Here’s How I’m Doing a Better Job Getting My Followers To Read My Tweets

One of the hardest things about communicating on the Web is trying to both be effective (and affective!) and not annoy people taking the time interact with your content. If someone is interested enough to read your blog posts or tweets, watch your video, or listen to your podcasts, you shouldn’t annoy them. Corporations and their marketing messages already bother people too much; you don’t want your communication lumped into the pile of corporate spam.

So, here’s what you can accomplish by repeating some  tweets and how to prevent your readers from being annoyed.

As your list of followers grows, especially beyond people you actually know, I think it’s safe to assume that people won’t read every one of your tweets. People’s Twittering habits are highly variable, but one thing is safe to assume: tweet reading is not comprehensive. You’ll never get all your tweets read by all your followers, but you can increase readership by repeating a tweet a few hours apart.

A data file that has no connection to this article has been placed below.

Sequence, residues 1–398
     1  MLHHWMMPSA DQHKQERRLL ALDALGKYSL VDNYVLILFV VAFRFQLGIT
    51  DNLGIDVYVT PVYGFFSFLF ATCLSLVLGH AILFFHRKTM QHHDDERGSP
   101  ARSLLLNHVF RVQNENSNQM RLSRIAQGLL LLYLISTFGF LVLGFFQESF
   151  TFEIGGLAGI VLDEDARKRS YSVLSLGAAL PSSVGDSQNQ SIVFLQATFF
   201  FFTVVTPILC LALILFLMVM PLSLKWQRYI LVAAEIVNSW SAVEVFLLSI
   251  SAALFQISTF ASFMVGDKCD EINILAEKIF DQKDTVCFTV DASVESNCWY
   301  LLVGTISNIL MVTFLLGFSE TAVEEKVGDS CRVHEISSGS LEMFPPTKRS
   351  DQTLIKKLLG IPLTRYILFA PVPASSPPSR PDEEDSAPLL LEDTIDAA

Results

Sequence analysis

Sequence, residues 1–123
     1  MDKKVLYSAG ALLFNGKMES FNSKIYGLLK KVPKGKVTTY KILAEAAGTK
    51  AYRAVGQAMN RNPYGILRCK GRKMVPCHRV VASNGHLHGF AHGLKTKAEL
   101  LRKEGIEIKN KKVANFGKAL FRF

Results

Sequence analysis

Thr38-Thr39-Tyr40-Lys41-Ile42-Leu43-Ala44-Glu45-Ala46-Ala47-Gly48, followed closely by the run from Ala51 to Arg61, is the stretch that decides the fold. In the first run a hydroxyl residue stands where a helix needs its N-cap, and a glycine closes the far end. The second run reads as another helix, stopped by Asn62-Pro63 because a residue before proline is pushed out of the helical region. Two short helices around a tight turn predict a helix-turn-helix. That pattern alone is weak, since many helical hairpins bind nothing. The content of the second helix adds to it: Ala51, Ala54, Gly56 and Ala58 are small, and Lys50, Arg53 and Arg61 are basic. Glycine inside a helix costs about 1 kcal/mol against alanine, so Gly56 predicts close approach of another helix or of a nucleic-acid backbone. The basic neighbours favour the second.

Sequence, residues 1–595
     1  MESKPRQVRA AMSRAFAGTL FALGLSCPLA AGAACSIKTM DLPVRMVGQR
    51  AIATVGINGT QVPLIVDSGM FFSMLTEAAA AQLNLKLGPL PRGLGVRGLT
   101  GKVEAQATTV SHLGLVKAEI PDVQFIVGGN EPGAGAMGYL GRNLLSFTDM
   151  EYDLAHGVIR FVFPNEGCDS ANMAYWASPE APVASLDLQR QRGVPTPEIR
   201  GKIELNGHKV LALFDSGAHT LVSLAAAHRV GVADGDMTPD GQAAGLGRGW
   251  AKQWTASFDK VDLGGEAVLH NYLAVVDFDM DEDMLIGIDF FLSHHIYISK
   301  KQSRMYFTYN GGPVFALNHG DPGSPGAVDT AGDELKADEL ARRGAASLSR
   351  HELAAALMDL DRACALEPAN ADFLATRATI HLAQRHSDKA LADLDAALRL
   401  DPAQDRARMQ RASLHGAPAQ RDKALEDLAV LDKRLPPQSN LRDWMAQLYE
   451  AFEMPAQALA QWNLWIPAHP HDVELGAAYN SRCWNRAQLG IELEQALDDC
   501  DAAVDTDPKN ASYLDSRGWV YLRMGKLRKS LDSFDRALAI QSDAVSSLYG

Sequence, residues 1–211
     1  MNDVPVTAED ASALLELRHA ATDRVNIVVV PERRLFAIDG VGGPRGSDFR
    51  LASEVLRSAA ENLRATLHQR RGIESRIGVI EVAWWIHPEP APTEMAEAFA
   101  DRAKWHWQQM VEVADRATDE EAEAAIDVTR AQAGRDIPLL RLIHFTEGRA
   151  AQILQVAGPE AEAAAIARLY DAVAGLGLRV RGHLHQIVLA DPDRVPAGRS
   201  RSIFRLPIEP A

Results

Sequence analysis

By repeating a tweet in the morning then the next day evening, you’re likely to catch people with different tweet consumption habits. For the obsesive folks monitoring their streams 24/7, repeating tweets aren’t likely to surprise those folks. Of course, you can only repeat tweets that aren’t time sensitive.

It probably isn’t necessary to repeat every tweet; not everything you write has the same value, therefore why potentailly make a nusance of yourself? Recently I repeated a tweet that caused a negative response, pointing out a problem: I probably repeated a tweet not worth the effort. Here’s the tweet I repeated:

Probably telling you something you already know, but the best wood fired oven bread in #westernma is Hungry Ghost Bread

I may be very passionate about this bread and the bakery, but by repeating  the tweet multiple times, it made me seem like a shill, even though I wasn’t getting paid for the promotion.

Balance your own enthusiasm with what your followers will be interested in, because even though most people won’t read all your tweets, you don’t want to continuously annoy people that are interested in everything you write. Balance!

What kinds of tweets would you repeat?